- Parental Leave: Employees are entitled to 18 weeks of unpaid parental leave for each child or adopted child, until they reach 18 years of age. Each parent is entitled to 4 weeks of parental leave, which should be taken in a period of one week’s duration unless agreed between the employer and employee.
- Unemployment: Individuals who are looking for work are entitled to a Jobseeker’s Allowance, which is a weekly allowance, with the amount depending on a person’s age.
25 and over – up to £74.70 per week
Up to 24 – up to £59.20 per week
This allowance will only be met if the individual has previously paid to National Insurance and agree to take the necessary steps to look for work whilst receiving this allowance.
Social Security in UK
Both employers and employees must contribute to National Insurance. Employers have to deduct National Insurance Contributions from their employee’s wages each month, as well as contribute themselves with their own payments.
NIC payments depend on how much the employee earns and must be made monthly or quarterly. Late or incorrect payments may result in interest payments.
The social security payments also depend on the employee’s class (see Statutory Costs below). Below are the payments for both employee and employer for employees under Class A:
Employer’s Social Security Contributions
- £520 - £737 per month - 0%
- £737.01 – £4,189 per month - 13.8%
- Over £4,189 per month - 13.8%
Employee’s Social Security Contributions
- £520 - £797 per month - 0%
- £797.01 - £4,189 per month - 12%
- Over £4,189 per month - 2% on the remaining amount
Statutory Cost in UK
Statutory Costs in the UK include meeting the standard employee wages, and income, social and corporate taxes.
Employers must meet the minimum wage for their sectors and industries, and ensure that the necessary payments from their wages to the local authorities are made on time, which include:
- Income Tax – income tax is to be withheld from the employee every month and paid by the employer monthly to the local tax authorities.
- Social security – social security payments are to be made by both the employer and the employee monthly, which contributes to pension schemes and health insurance.
- Corporate Tax – corporate taxation on income and profits are mandatory for all businesses in the UK.
Statutory costs also depends on the employee’s tax class/category, which can be split, like so:
- A - All employees apart from those in groups B, C, J, H and M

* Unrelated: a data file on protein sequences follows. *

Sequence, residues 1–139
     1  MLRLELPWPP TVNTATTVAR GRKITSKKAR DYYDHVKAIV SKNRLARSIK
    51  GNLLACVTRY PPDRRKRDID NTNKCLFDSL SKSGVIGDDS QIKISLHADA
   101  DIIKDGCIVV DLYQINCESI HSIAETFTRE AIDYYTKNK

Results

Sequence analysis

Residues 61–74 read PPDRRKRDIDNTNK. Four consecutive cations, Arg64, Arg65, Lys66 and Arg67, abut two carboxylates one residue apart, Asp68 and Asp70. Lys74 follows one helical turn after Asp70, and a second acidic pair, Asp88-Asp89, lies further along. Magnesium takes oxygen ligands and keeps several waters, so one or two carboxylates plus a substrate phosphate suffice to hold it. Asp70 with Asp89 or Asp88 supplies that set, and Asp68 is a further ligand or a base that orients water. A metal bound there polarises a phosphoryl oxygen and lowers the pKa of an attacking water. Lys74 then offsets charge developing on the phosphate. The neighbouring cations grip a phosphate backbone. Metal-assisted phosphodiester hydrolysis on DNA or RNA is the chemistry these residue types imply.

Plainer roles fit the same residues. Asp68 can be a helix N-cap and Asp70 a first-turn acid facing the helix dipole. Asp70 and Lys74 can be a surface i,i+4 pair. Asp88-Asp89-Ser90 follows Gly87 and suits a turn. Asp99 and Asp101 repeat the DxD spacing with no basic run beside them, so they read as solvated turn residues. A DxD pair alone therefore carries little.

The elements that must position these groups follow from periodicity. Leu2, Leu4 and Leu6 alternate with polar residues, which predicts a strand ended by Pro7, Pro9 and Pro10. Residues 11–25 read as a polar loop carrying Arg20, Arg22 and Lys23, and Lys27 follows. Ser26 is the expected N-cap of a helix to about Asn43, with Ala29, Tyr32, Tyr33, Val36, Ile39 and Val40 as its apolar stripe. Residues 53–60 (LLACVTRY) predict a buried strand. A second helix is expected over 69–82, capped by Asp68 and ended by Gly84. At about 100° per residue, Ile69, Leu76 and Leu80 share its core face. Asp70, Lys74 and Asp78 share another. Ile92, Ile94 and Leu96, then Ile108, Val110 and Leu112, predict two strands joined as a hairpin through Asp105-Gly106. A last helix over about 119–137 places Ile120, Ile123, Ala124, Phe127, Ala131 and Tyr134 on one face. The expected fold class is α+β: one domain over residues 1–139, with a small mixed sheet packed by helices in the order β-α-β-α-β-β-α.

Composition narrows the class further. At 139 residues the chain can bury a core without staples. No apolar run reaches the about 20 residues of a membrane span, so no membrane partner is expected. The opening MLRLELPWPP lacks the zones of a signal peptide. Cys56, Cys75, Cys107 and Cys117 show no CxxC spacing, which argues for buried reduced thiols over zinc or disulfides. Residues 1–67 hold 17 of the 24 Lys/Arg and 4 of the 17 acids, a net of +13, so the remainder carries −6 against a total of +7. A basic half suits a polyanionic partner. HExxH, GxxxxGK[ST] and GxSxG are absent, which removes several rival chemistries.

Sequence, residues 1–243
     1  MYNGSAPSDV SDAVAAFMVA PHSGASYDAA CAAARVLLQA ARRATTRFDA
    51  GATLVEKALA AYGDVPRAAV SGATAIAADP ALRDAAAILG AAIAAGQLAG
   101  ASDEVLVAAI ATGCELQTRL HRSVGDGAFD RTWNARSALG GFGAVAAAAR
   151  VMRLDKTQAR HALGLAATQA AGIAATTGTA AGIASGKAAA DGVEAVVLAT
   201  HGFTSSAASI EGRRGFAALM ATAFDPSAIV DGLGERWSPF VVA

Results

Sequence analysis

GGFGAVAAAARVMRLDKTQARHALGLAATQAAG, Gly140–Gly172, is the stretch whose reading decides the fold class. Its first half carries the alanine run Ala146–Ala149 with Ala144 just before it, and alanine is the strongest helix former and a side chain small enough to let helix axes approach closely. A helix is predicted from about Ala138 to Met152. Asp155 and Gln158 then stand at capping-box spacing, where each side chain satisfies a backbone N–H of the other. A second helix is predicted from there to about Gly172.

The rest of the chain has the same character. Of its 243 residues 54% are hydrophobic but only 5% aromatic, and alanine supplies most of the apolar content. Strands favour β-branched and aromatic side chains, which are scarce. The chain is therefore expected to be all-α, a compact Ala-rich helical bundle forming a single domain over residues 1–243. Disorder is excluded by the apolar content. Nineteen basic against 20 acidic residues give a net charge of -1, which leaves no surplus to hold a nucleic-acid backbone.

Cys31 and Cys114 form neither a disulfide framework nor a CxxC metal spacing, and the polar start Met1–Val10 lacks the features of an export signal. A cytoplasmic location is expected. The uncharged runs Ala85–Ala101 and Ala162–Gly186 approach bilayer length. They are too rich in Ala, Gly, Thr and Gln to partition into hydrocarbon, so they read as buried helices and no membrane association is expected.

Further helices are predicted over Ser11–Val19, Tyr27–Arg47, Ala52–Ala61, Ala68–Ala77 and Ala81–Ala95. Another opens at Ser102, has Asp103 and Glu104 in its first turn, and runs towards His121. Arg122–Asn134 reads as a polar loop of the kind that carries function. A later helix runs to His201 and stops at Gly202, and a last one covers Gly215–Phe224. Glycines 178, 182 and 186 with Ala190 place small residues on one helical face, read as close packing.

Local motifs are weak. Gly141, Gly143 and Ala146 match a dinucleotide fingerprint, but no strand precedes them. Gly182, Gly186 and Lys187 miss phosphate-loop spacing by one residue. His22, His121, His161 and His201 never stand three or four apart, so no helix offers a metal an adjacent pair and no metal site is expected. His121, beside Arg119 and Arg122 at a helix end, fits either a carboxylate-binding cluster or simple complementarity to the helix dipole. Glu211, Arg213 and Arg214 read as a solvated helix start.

- B - Married women and widows entitled to pay reduced NI
- C - Employees over state pension age
- H - Apprentices under 25
- J - Employees who can defer NI contributions as they pay them in another job
- M - Employees under 21
What Benefits Are Guaranteed in the UK?
Employee benefits that are guaranteed (after probation is passed) in the UK include:
- Annual Leave
- Sick Leave
- Maternity Leave
- Paternity Leave
- Parental Leave
What Restrictions Exist for Benefits and Compensation in the UK?
- In the case of employment agreements that include collective bargaining, employers need to meet conditions and entitlements of the collective agreement, as well as UK employment law.
- Unemployment Benefits can only be received for up to 6 months.
- Statutory sick leave is restricted to 28 days annually, and Statutory Sick Pay can only be received if certain conditions are met (see above).
Health Insurance and other benefits in the UK
Employees making social security contributions are entitled to access the National Health Service. Some employers might offer additional health insurance schemes, and surveys suggest employees value contributory pension schemes and health cover most highly among benefits.
Other extra benefits employers might include to attract staff, include:
- free or discounted meals and drinks
- dental care plans
- subsidized gym membership and wellness programs
- company car
- free or subsidized travel
- childcare vouchers
- flexible working hours
Work with Bradford Jacobs
Employment law in the UK is based on a mix of legislation – employment law, the labor code, collective agreements, trade unions and work councils’ agreements – which only adds to the hurdles of business expansion and establishment.
Companies planning to expand into Britain, either through establishing a subsidiary, finding local staff, or migrating staff must ensure understanding and compliance with various complex laws and regulations.
Employment compensation, benefits, social security contributions, and health insurance must be attended to swiftly and efficiently to ensure a smooth transition of your new venture into the UK. Get ahead of these issues by working with Bradford Jacobs’ Employer of Record (EOR) services.
Contact us today to see how we can benefit your plans in the UK!